View Full Version : WVU Shooters do more than Win!

03-23-2009, 08:56 AM
WVU Shooters Do More Than Win
Chris Lawrence

I'll never forget the day I learned West Virginia University would be dropping rifle as a sport. The word came in a press release from the WVU Athletic Department on a Friday afternoon. The release indicated the cuts were made to decrease operating costs and meet Title IX requirements. Five varsity sports got the axe.

Thinking back now, I can't even remember what the other four sports were--except perhaps tennis which had already had a series of problems. Their demise came as no shock. However, the dropping of the rifle team was a slap. I felt like I had been punched in the gut and wondered how the University could justify canceling a team that had brought so much prestige and honor to the school. Even if it was costing money, it was a worthwhile investment for the constant national titles. Plus, as a co-ed sport, rifle actually helps with Title IX.

Press releases bearing bad news typically come on a Friday afternoon. It's a standard public relations ploy for several reasons. It enters the news cycle at a time when not as many people are paying attention, those who made the decisions typically have a head start on getting out of town so as not to have to deal with the aftermath, and there's a hope often by those making the announcement that the matter will die down over the weekend and by Monday possibly be forgotten.

It may or may not have been the reasoning for WVU at the time, but it couldn't have worked better for me. The team's demise naturally became the main topic on the next morning's edition of West Virginia Outdoors. When I opened the phone lines, it was clear I wasn't alone. Callers lit up the board like few times before and were saddened, bewildered, or just downright angry. Reaction came from all corners of the world, the NRA, National Shooting Sports Foundation, and a host of former Mountaineer All-American Shooters were coming out to denounce the decision. Then Governor Bob Wise, a staunch ally of all shooting sports, was also outraged. It wasn't long until the legislature got involved and the move was afoot to restore the team.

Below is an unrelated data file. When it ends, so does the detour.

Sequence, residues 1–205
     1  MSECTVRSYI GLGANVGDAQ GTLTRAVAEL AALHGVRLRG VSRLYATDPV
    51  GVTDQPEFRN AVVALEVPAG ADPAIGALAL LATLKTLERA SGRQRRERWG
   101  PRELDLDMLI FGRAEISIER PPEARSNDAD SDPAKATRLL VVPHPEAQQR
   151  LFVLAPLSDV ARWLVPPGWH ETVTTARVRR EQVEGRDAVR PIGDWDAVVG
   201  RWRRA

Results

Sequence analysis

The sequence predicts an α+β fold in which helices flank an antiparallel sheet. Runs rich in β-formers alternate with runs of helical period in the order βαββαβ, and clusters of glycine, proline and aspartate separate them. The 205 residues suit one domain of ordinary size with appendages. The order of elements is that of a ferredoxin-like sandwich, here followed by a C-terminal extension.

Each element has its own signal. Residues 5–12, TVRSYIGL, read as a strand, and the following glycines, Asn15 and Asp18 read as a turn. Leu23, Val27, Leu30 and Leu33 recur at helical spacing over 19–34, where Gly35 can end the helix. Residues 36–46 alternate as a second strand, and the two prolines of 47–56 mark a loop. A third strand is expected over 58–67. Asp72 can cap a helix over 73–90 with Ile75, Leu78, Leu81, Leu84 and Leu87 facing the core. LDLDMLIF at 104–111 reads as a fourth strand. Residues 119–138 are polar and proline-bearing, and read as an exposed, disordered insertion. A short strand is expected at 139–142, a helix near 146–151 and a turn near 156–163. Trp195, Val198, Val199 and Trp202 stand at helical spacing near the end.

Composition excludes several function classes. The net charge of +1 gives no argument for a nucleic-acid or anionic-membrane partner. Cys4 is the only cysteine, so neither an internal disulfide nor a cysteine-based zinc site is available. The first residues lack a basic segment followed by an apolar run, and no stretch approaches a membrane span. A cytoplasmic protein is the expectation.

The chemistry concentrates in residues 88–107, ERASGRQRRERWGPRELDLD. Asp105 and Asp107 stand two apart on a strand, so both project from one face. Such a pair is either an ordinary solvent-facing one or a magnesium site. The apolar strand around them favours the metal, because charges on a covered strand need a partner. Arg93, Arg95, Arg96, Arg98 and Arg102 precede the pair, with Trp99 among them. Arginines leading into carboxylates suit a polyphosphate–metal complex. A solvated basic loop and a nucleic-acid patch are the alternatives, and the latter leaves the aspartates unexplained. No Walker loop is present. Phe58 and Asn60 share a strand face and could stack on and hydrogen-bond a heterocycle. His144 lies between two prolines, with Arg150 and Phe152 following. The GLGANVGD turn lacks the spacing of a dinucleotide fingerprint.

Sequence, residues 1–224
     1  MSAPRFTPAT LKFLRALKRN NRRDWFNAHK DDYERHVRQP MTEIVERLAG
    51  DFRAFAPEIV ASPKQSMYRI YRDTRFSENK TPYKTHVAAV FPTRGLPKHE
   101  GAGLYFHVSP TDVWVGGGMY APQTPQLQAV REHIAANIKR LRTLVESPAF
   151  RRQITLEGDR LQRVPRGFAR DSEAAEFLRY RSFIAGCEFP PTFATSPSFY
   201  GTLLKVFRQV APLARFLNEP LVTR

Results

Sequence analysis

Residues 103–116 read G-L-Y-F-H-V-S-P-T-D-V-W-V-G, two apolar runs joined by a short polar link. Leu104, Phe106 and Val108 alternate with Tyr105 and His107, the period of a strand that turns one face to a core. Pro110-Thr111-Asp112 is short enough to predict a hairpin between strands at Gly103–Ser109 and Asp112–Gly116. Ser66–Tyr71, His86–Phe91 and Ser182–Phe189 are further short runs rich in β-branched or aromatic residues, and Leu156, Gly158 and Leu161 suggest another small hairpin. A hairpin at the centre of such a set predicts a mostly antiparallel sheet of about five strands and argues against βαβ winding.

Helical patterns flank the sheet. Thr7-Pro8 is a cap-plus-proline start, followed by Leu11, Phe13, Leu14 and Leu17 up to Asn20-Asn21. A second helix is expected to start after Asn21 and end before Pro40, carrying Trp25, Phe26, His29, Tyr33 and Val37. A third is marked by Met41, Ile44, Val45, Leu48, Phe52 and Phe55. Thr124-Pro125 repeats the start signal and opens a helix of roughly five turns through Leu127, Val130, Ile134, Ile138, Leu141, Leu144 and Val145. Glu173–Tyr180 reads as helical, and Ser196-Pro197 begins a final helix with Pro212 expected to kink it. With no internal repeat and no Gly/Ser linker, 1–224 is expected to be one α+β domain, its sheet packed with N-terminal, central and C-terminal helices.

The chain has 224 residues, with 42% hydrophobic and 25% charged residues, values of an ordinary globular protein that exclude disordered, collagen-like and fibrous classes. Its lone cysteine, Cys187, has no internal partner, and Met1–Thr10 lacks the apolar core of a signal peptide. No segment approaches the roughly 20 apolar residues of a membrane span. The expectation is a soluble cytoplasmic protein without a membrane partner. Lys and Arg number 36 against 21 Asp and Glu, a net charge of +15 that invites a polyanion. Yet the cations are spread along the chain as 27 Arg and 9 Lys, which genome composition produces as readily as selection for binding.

Under heavy pressure from Charleston and from across the state, the university reluctantly reinstated the rifle team's status several months later. However, it was done with a parting shot--the rifle team would have to raise money on its on and be self-supported or funded in part by the legislature.

The ordeal makes last weekend's National Championship even more amazing. Coach Jon Hammond tells me because of all the turmoil in the last five years this year's title, the 14th in school history, feels like the very first one. From the time the NCAA recognized rifle as a sport to the time of the cut, WVU had won 13 titles and never finished worse than second in the nation. That's a record of success that is almost unmatched in any sport at any level.

The people of West Virginia made it clear they wanted WVU to have a rifle team. Nowhere else would a rifle team have received that kind of outpouring. It's now a key point for recruiting, since it's unlikely the university would ever try that again. WVU should be given credit for recognizing the mistake and correcting it.

None of this year's team members were around during those dark days, although a few were recruited by former rifle coach Marsha Beasley. The current team can look at the trophy case outside the range at the Shell Building and see what the program once was. Hammond believes the days of a dominant team in the sport are gone because the numbers of teams are increasing. This team should be given high marks for recognizing the program's history and making it their mission to restore that greatness.